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RGO - Revista Gaúcha de Odontologia

versão impressa ISSN 0103-6971versão On-line ISSN 1981-8637

RGO, Rev. Gaúch. Odontol. vol.66 no.4 Campinas out./dez. 2018 


Effect of an hydrophobic layer on a universal adhesive

Efeito de uma camada hidrofóbica sobre um adesivo universal

Mayara Farah Dallin SERAFIM1

Adriana Mara Araújo LEAL1


Isabella Azevedo GOMES1

Karina Gama Kato CARNEIRO1

1Universidade Ceuma, Curso de Odontologia. Rua Josué Montello, 1, Renascença II, 65075-120, São Luís, MA, Brasil.

2Universidade Federal do Maranhão, Programa de Pós-graduação em Odontologia, São Luís, MA, Brasil.


Objective: evaluate bond strength of a universal adhesive, associated to an extra hydrophobic sealing layer, and compare after three and six months immersed in distilled water. Methods: After ethical approval of the CEP / HUUFMA, 12 human third molars (n = 6) were extracted, which were divided into two groups: SB - control group - selfetching; and SBHidrof - selfetching group associated to the hydrophobic layer (Adhesive layer, 3m ESPE). After incremental restoration with composite resin (Opalis, FGM), the teeth were sliced to obtain specimens (1mm2) and then submitted to the universal test machine (INSTRON 1mm / min.), immediate and after three and six months. The data were submitted to normality (Shapiro Wilk), and comparative Analysis of variance (two ways: technique and time) and Tukey (p <0.05). Results Immediate values showed no statistically significant difference (p> 0.05), but after three and six months of immersion of the specimens, in distilled water, bond strength values were maintained in the group that received the hydrophobic layer (p<0.05). Conclusion: It was observed that, by incorporating a hydrophobic layer on a universal adhesive system, it was possible to preserve dentin adhesion.

Indexing terms Adhesive; Dentistry; Tensile strength


Objetivo: Avaliar a de resistência de união da interface adesiva associada a uma camada hidrofóbica extra de selamento, e comparar após três e seis meses de armazenamento em água destilada. Métodos: Foram utilizados 12 terceiros molares humanos extraídos hígidos (n=6), que foram divididos em dois grupos, sendo grupo SB - controle - autocondicionante; e grupo SBHidrof - autocondicionante associado à camada hidrofóbica (Adhesive layer, 3m ESPE). Após restauração incremental com resina composta (Opalis, FGM), os dentes foram fatiados para obtenção de espécimes (1mm2) e em seguida, submetidos à máquina de ensaio universal (INSTRON 1mm/min.) imediato e após três e seis meses. Os dados obtidos foram submetidos à normalidade (Shapiro Wilk), e análise comparativa ANOVA (dois fatores: técnica e tempo) e Tukey (p<0,05). Resultados: Nos valores imediatos não houve diferença estatisticamente significante (p>0,05), porém após três e seis meses de imersão dos espécimes, em água destilada, foi observado manutenção dos valores de resistência de união no grupo que recebeu a camada hidrofóbica (p<0,05). Conclusão: Ao incorporar uma camada hidrofóbica sobre um sistema adesivo universal, foi possível preservar a longevidade da adesão dentinária.

Termos de Indexação Adesivos; Odontologia; Resistência à tração


Improvements in adhesive restorative materials, associated with their practicality, aesthetics and absence of the need to remove healthy dental tissue, have contributed to professionals’ and patients’ preference for light-curing systems [1]. The desired sealing of dentin substrate achieved with the use of an adhesive system, and operative procedures that minimize the factors that make this technique sensitive [1,2], have been decisive in preventing the occurrence of situations capable of making it necessary to replace adhesive restorations [2].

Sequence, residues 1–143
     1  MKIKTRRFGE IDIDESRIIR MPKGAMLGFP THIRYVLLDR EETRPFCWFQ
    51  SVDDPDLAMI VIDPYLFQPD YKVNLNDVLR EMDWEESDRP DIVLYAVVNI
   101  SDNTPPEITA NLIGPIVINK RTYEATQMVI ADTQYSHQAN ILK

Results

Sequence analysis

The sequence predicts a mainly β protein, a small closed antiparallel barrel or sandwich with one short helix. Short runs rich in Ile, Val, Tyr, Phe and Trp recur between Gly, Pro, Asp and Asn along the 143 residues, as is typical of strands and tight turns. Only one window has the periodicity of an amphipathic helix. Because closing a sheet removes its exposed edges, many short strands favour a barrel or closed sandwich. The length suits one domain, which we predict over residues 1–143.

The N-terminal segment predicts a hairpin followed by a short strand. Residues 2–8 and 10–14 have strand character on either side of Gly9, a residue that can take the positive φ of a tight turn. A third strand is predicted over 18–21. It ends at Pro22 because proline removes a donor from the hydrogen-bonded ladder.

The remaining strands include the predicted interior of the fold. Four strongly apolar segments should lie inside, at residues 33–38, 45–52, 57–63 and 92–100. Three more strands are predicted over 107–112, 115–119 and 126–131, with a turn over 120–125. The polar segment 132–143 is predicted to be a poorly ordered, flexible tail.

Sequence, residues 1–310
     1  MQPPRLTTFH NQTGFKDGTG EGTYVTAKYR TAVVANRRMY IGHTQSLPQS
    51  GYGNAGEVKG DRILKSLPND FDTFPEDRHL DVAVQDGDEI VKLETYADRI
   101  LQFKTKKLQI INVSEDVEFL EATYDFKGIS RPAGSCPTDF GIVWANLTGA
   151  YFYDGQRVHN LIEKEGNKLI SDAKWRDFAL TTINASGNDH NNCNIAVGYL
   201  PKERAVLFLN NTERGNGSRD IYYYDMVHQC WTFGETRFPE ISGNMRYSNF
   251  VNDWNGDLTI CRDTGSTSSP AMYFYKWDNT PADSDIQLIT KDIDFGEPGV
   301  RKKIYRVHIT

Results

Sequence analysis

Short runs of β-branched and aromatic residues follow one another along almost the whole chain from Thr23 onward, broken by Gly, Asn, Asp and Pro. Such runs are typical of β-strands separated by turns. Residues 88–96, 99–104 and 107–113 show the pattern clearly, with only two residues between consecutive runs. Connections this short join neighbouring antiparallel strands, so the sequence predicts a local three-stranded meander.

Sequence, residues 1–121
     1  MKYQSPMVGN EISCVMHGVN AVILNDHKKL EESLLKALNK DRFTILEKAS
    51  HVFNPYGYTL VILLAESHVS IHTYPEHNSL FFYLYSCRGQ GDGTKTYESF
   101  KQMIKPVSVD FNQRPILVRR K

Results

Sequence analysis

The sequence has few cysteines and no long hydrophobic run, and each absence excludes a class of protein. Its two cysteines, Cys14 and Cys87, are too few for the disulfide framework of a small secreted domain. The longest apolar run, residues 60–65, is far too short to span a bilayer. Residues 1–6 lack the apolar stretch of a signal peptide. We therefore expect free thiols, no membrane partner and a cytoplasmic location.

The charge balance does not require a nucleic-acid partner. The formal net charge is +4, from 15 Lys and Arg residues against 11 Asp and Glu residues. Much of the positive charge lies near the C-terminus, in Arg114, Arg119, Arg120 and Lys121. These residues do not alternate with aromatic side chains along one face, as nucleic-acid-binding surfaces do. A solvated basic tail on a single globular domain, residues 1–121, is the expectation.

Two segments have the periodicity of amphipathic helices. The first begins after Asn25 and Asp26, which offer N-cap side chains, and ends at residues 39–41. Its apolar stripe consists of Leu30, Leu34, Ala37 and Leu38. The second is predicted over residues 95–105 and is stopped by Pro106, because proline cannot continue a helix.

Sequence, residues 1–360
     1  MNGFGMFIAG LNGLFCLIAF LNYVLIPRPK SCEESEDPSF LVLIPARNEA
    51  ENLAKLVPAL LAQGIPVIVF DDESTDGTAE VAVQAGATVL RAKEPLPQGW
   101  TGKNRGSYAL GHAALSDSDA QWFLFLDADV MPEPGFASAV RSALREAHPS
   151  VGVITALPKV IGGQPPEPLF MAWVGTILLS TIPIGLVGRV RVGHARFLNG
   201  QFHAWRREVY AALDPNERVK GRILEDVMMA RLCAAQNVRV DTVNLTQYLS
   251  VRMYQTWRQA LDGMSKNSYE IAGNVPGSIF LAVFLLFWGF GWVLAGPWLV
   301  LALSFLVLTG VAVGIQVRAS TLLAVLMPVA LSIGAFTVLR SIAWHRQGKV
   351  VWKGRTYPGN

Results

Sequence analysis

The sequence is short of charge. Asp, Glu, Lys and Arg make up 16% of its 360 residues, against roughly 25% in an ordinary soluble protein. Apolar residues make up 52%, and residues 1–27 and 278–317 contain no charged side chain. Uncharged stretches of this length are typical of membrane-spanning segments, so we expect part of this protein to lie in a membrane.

Recently, systems known as universal adhesives were introduced [3]. These systems, characterized as being composed of acidic monomers with low etching aggressiveness, are presented in a single bottle and with the proposal of incorporating the smear layer on the dentin substrate into the hybrid layer [3]. The purpose of this bonding system is to eliminate acid etching of dentin; and previous conditioning of only more mineralized substrate such as enamel is suggested, thereby allowing the optimization of clinical time [4].

The hydrophilic characteristics of the monomers of universal single-bottle adhesive systems may represent undesirable water permeability and compromise durability of the bond [5-7]. The acidic monomers present in the mixture make it hydrophilic, and in the long term, the effects of the resultant water sorption, compromise the mechanical characteristics of the material [5]. This is due to the affinity of the monomer for forming hydrogen bonds with the hydrophilic portion of the acidic groups, and consequently changes the formation of the polymer chain [5].

In an attempt to maintain the quality of the adhesive layer, some studies have proposed a change in the way of applying the bonding system, such as the application of an extra hydrophobic adhesive sealing layer [2-4]. This maneuver is reported in the literature as being favorable to the quality of the bond interface [3]. Studies [2-4] have shown bond strength [3], longevity in clinical behavior [4], degree of conversion [2] and nanoinfiltration [3] results with higher values for the groups that received a layer of hydrophobic sealing monomers.

Although this proposal involves an additional step that causes an increase in clinical time, it may protect the integrity of the adhesive interface over time. Other proposals, such as the use of sonic devices [8]; application of multiple layers [9] and use of bioactive substances [10,11]; are found in the literature, but their ability to maintain bond strength (BS) longevity has not been conclusively proved.